Solving the puzzle of converting fat-storing cells into fat-burning cells

Written By Mark

Researchers have discovered how to turn normal white fat cells, which store calories, into beige fat cells that burn calories to maintain body temperature. The discovery could open the door to a new class of weight-loss drugs.

The study was conducted by researchers from the University of California, San Francisco, USA, and its results were published in the journal Clinical Investigation on July 1, and were written about by the EurekAlert website.

Types of fat cells

Many mammals have three types of fat cells: white, brown, and beige. White fat acts as an energy store in the body, while brown fat cells burn energy to release heat, which helps maintain body temperature.

Beige fat cells combine the characteristics of the previous two types. They burn energy as brown cells do, but they are embedded throughout the white fat deposits, unlike brown fat cells that grow in clumps.

Humans and many other mammals are born with brown fat deposits that help them maintain body temperature after birth. These cells disappear from a human baby’s body during the first year of life, while beige cells remain.

Humans can naturally convert white fat cells into beige fat cells in response to diet or a cold environment. Scientists have tried to mimic this by converting stem cells—cells that can develop into different types of cells—into mature beige fat cells, but stem cells are rare.

Brian Feldman, a professor of pediatric endocrinology and the study’s lead author, wanted to find a switch that would allow him to convert white fat cells directly into beige ones. “For most of us, white fat cells are not rare, and we would be happy to give up some of them,” he says.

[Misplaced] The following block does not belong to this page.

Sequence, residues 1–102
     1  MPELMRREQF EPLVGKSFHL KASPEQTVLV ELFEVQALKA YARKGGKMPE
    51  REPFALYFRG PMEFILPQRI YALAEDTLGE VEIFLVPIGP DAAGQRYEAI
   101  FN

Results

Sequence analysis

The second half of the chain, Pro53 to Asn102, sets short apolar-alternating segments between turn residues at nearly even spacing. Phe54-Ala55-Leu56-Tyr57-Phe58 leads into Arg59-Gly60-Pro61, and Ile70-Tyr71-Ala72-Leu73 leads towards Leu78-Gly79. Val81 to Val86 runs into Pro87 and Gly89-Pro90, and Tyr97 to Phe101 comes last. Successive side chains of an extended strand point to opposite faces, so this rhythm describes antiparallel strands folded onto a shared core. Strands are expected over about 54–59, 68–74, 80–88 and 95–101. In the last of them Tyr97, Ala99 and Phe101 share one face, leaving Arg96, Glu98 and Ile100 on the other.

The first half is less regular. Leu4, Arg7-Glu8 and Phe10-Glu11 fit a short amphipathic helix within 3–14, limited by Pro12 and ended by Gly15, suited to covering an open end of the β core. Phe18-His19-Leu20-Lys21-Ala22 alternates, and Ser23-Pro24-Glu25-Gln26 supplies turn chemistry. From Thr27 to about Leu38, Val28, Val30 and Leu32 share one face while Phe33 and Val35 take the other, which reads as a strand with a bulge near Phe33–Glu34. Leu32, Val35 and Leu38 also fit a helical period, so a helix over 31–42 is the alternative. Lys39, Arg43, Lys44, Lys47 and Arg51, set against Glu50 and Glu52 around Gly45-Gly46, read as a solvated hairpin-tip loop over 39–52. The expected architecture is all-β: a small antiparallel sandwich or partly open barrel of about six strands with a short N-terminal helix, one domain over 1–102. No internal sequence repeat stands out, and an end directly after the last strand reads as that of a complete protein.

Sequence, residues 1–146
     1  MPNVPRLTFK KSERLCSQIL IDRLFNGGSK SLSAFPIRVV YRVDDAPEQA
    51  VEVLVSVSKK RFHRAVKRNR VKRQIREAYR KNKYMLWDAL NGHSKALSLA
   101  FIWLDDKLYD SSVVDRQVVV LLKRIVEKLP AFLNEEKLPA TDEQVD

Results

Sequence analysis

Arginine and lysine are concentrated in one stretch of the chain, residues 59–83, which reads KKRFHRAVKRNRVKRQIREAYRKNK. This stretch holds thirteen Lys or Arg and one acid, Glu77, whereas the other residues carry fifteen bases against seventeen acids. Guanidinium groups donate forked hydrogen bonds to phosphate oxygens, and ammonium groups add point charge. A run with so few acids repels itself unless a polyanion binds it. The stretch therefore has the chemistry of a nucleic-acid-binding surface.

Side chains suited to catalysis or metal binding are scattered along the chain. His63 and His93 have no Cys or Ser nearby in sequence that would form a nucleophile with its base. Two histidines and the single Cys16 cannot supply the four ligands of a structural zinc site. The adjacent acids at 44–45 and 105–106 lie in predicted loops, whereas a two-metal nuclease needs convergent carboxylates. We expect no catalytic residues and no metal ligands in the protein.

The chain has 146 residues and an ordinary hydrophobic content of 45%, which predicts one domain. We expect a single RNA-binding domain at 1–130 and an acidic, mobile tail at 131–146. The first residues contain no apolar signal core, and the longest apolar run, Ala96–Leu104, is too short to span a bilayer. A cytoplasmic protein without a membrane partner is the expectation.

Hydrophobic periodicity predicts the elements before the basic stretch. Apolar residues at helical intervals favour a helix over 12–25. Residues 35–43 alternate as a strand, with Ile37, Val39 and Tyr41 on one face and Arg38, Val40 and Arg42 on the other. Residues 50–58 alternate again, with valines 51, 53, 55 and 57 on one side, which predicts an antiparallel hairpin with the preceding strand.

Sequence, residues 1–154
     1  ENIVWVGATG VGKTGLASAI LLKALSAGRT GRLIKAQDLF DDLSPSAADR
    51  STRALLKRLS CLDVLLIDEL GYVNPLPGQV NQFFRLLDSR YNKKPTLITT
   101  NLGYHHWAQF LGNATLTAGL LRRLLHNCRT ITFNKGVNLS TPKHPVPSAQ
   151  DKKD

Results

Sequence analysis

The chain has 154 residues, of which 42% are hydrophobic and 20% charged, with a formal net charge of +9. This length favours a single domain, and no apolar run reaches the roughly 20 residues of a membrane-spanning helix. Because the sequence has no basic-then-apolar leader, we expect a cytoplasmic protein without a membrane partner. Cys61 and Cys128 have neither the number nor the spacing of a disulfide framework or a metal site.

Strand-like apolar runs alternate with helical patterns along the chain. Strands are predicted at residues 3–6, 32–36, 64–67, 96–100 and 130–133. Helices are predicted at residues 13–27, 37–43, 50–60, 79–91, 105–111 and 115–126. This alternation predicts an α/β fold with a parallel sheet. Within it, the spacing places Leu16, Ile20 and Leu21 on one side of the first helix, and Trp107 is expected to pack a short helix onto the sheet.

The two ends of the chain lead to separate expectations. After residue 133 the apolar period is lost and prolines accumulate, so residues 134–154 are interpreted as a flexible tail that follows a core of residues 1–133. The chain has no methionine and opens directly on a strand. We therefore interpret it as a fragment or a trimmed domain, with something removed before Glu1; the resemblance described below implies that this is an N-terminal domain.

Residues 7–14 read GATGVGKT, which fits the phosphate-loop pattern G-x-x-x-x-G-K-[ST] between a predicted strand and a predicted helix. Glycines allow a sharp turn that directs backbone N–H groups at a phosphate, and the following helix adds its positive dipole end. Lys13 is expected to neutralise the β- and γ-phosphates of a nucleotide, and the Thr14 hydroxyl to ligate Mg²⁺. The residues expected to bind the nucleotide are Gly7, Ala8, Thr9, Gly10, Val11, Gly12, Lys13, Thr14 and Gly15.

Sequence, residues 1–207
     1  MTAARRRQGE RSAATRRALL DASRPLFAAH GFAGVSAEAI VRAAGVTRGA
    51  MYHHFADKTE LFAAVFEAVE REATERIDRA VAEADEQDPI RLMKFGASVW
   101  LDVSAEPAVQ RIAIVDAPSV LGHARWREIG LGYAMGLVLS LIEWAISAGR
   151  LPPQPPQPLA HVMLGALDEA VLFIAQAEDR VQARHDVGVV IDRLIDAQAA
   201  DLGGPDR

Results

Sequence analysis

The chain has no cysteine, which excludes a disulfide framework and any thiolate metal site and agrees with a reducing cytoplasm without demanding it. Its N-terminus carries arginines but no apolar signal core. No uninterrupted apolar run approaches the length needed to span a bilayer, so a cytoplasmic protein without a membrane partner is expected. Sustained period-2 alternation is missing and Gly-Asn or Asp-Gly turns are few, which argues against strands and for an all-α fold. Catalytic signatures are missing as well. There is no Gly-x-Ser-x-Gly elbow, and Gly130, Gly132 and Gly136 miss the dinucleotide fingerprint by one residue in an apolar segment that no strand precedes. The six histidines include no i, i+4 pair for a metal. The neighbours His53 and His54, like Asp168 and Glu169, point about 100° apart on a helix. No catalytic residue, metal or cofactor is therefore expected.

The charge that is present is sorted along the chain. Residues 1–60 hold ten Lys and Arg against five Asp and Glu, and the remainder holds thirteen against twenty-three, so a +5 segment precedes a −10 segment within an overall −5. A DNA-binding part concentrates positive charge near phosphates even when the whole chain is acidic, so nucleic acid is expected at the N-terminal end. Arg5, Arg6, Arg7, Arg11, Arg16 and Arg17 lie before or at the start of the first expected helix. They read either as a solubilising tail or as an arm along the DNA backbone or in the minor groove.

Mice and humans

Feldman knew from previous experiments that a protein called KLF-15 plays a role in metabolism and fat cell function, and he decided to investigate how the protein worked in mice that retained brown fat throughout their lives. He and his team found that KLF-15 was less abundant in white fat cells than in brown or beige fat cells.

When they then bred mice with white fat cells that lacked KLF15, the mice’s cells turned from white to beige, and it appeared that the cells without the protein were originally beige.

The researchers then looked at how KLF15 exerts this effect, growing human fat cells and finding that the protein controls the abundance of a receptor called ADRP1, which helps maintain energy balance.

Scientists have learned that stimulating a related receptor called AdRP3 causes mice to lose weight, but the results of experiments using drugs that act on this receptor have been disappointing. According to Feldman, a different drug that targets AdRP1 is likely to work in humans. “We’re certainly not at the finish line, but we’re close enough that you can see how these discoveries could have a big impact on treating obesity,” he says.